Ransomware Attack Affecting 3,400 Businesses Was Responsible For Le Mans Stream Outages

Photo credit: Toyota Gazoo Racing; screencap via my browser that couldn’t load anything during the hack.
Photo credit: Toyota Gazoo Racing; screencap via my browser that couldn’t load anything during the hack.

The official paid live stream of this year’s 24 Hours of Le Mans was unusually bad, blacking out for chunks during the race. Fans unhappy with the stream’s quality were advised to request refunds, but many were initially denied. Thankfully, it sounds like they’re finally making good on users’ refunds now that the dust has settled—and no user information was compromised.


The World Endurance Championship hosts the live stream for Le Mans, as the race is the flagship event of their season. Usually, it’s a fairly solid way to watch the entirety of the race without any commercial interruptions, however, this year, the series said that cyberattacks originating from Korea and the United States ground the service to a halt several time throughout the race.

A WEC representative explained to Jalopnik:

The main attack came from Korea and a smaller one from the US. Our experts consider that the problems encountered during this edition of the 24 Hours of Le Mans probably echo the attack faced by the South Korean web hosting company NAYANA which was affected by the Erebus ransomware. Many sites were impacted by this attack, including media sites such as www.endurance-info.com.

NAYANA had 153 of its Linux servers infected with Erebus ransomware that affected 3,400 businesses that use its hosting service, per Trend Micro. The Erebus ransomware has no relation to the Australian Supercars team, thank goodness.

Fortunately, the WEC representative stressed that no user data was compromised in the attacks, and that the issue has been identified and fixed.


During the race, the WEC told frustrated users to email App24h@lemans.org for a refund through its social media accounts. However, users who emailed that contact address often found their requests denied. Additionally, the tweets advertising the refund were deleted, although the Facebook post stayed up.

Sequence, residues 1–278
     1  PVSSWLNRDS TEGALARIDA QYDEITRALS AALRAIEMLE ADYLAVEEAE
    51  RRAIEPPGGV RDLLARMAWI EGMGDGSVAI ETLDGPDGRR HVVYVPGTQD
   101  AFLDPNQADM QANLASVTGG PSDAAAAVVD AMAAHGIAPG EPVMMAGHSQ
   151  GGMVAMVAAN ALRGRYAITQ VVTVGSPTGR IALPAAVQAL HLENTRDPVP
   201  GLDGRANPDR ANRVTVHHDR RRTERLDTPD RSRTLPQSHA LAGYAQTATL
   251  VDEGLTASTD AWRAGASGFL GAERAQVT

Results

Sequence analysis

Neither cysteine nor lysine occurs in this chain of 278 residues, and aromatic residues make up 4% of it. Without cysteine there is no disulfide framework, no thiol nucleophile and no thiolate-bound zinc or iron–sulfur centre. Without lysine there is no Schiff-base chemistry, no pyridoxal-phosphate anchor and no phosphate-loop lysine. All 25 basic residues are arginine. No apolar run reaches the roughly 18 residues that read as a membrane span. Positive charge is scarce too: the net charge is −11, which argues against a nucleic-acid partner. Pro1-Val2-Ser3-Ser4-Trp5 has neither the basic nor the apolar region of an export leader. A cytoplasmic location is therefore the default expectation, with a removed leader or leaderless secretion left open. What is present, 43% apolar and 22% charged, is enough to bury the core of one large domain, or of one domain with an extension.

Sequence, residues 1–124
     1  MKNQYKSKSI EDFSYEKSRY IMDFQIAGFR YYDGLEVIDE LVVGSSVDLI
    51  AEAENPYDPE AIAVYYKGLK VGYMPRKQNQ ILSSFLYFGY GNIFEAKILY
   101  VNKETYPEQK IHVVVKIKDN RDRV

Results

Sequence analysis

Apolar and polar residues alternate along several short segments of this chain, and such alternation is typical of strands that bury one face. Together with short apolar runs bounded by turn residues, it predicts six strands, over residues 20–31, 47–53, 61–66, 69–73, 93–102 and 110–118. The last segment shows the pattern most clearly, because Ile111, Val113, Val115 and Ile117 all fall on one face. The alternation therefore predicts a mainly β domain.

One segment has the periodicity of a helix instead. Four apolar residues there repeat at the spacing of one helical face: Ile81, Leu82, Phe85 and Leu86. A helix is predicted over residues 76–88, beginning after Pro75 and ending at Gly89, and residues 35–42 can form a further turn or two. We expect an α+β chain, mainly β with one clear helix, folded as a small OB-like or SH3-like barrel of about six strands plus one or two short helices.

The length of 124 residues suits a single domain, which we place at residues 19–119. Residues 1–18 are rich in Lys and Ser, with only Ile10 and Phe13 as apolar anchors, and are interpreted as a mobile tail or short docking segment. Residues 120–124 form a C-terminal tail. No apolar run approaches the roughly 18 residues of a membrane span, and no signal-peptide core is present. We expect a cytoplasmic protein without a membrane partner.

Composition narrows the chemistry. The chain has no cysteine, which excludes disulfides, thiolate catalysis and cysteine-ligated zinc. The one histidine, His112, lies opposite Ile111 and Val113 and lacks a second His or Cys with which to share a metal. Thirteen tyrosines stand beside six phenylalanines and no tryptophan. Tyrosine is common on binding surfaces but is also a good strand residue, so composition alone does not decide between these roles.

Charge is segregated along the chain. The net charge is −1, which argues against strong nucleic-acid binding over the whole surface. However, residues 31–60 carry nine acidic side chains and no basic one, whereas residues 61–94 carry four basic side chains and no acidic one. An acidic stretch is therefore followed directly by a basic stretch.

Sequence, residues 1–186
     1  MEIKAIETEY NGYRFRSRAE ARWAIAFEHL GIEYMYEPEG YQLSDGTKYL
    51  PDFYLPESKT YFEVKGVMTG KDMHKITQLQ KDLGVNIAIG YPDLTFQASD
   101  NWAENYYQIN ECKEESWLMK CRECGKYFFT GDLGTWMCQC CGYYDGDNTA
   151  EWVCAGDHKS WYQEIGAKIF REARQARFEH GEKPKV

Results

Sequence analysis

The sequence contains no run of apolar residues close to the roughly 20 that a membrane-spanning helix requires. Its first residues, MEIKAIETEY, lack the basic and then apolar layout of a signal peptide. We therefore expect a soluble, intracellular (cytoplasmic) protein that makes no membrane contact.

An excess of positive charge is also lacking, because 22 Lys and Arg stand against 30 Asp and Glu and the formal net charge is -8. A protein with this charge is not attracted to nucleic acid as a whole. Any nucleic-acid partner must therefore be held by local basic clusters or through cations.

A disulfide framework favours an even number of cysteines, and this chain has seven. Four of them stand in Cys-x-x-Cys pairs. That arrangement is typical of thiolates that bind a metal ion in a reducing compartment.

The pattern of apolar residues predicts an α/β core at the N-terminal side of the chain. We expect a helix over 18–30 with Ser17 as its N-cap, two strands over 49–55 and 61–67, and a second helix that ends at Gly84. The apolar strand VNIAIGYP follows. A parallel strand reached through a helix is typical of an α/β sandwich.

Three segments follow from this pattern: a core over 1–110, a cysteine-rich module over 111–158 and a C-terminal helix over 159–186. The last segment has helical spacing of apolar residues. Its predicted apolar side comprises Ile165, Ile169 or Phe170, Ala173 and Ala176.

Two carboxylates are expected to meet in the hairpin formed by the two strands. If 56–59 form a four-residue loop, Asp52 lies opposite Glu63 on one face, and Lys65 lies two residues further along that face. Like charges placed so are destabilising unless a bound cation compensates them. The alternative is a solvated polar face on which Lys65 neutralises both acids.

Here’s one of several responses Jalopnik was forwarded from frustrated users who wanted their ten euros for the Le Mans live stream back:

Our platforms have suffered attacks which prevented our serevers to respond properly.
We invite you to consult the GCU and in particular Article 6: [[http://fiawec.com/en/terms-of-use-app/62]]
The entire race is available in replay.

We apologize for any inconvenience this may have caused, please be assured that all teams are working hard to ensure the best possible availability of the Application & Live Web.

It is fixed now and you can watch live on the app and website.

Thank you for your understanding.

For users who specifically paid to watch the live stream in real time (live!), this wasn’t what they wanted to hear, especially after the WEC had publicized that they were offering refunds.


Fortunately, a series representative responded back that they’re now reconsidering these refund requests, all at the same address:

While the terms and conditions for users indicates that there is no obligation to make a refund, as the cause of the disruption was due to an external source, we will examine every case individually as our subscribers are very important to us. There is a team of people doing this at the moment so please ask any viewers/fans who contacted you to bear with us. Enquiries should be sent to app24h@lemans.org.


So, if you sent a refund request because the race you paid to watch live wasn’t available then, try sending it again. Emphasize politely that you paid to watch it live, and include your order number for good measure.

Now that the traditional Le Mans hangover is over, it sounds like everyone’s finally on the same page and they’re finally honoring users’ refund requests. A user on r/WEC posted that he had received a refund for his request today after trying it again, so that’s promising.

Moderator, OppositeLock. Former Staff Writer, Jalopnik. 1984 "Porschelump" 944 race car, 1971 Volkswagen 411 race car, 2010 Mitsubishi Lancer GTS.



I remember reading the comments on the original post the night of the race, many commenters claimed they know what they were talking about and that it was WEC’s incompetence that caused the outage.

Wonder if any of them will show up now that we know for sure that it was actually an attack.